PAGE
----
Sonnets to Orpheus

Front Cover
Wesleyan University Press, 1987 - Literary Criticism - 116 pages
5 Reviews
Sonnets to Orpheus is Rainer Maria Rilke’s first and only sonnet sequence. It is an undisputed masterpiece by one of the greatest modern poets, translated here by a master of translation, David Young.

Rilke revived and transformed the traditional sonnet sequence in the Sonnets. Instead of centering on love for a particular person, as has many other sonneteers, he wrote an extended love poem to the world, celebrating such diverse things as mirrors, dogs, fruit, breathing, and childhood. Many of the sonnets are addressed to two recurrent figures: the god Orpheus (prototype of the poet) and a young dancer, whose death is treated elegiacally.

These ecstatic and meditative lyric poems are a kind of manual on how to approach the world – how to understand and love it. David Young’s is the first most sensitive of the translations of this work, superior to other translations in sound and sense. He captures Rilke’s simple, concrete, and colloquial language, writing with a precision close to the original.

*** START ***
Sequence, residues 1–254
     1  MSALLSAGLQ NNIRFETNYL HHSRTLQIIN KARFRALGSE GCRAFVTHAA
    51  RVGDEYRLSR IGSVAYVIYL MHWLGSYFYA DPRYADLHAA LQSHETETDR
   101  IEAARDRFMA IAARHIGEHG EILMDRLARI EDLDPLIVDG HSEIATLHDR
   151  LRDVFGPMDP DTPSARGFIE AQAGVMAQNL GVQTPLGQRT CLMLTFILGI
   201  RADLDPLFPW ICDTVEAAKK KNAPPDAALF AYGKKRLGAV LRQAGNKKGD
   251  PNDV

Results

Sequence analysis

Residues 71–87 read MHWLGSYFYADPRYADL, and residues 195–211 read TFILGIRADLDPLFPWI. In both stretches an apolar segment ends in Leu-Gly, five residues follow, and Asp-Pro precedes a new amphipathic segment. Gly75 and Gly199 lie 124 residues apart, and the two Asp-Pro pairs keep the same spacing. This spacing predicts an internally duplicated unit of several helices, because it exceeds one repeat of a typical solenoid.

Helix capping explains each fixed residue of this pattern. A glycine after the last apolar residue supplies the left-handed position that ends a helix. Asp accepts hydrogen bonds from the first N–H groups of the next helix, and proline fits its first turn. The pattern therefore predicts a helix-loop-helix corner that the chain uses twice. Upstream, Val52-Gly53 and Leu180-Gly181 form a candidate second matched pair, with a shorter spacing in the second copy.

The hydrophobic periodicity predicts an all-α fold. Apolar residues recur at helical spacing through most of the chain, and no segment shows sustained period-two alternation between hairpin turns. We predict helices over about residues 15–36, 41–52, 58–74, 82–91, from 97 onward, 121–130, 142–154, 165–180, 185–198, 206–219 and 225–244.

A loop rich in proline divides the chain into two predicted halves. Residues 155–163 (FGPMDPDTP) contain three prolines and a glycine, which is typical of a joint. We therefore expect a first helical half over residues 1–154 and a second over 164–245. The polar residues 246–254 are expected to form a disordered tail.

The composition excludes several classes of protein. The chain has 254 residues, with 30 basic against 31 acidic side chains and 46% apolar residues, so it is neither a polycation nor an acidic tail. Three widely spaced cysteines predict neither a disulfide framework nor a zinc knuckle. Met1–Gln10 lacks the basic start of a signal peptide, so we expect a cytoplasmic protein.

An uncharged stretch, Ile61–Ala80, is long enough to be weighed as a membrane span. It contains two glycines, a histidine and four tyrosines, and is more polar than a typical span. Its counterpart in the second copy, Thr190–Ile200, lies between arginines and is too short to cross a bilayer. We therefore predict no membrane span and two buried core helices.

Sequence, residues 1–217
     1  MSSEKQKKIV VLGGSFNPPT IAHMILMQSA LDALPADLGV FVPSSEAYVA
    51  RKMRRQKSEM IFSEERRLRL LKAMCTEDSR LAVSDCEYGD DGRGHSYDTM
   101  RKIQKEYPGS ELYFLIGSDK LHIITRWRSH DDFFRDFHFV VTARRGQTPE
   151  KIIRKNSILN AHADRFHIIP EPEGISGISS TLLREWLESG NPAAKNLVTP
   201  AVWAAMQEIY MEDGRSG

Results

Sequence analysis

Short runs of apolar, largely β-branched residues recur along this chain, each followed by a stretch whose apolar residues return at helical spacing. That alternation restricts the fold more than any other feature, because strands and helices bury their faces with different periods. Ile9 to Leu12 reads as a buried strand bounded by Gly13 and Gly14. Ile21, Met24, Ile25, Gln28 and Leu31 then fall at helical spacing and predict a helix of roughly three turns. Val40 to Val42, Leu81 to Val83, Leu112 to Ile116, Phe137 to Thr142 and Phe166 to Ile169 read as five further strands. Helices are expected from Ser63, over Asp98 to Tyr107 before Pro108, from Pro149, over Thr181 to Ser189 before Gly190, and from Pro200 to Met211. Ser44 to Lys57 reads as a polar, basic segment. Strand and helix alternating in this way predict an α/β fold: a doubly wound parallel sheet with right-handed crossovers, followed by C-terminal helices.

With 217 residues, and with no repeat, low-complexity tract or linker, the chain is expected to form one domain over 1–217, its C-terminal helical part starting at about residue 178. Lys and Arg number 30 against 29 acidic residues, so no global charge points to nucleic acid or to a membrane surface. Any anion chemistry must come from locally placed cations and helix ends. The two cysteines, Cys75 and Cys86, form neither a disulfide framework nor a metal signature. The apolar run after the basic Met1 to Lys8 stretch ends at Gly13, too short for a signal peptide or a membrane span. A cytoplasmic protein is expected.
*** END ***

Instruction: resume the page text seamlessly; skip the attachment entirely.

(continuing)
What people are saying - Write a review

User ratings

5 stars
1
4 stars
0
3 stars
3
2 stars
1
1 star
0

LibraryThing Review

User Review  - Frenzie - LibraryThing

Technically great, occasionally beautiful and thought-provoking, often silly imagery and it can be a bit of a drag. I prefer other Rilke. Regarding this edition, it features a Dutch translation & the ... Read full review

The sonnets to Orpheus

User Review  - Not Available - Book Verdict

Rilke's Sonnets to Orpheus (published 1923 in German) rank with the most distinguished works of modern poetry. Written in an extraordinary burst of inspiration, these poems reveal a vision of "a mode ... Read full review

Other editions - View all

References to this book

All Book Search results »

About the author (1987)

RAINER MARIA RILKE was born in Prague in 1875. After a motley education at military and business schools and at Prague's Charles University, he traveled in Europe, Russia, Egypt, and Tunsinia. In addition to Sonnets to Orpheus, Rilke's works include the Duino Elegies, The Book of Pictures, Poems from the Book of Hours, New Poems, and The Notebook of Malte Laurids Brigge. Rilke died in 1926.

Bibliographic information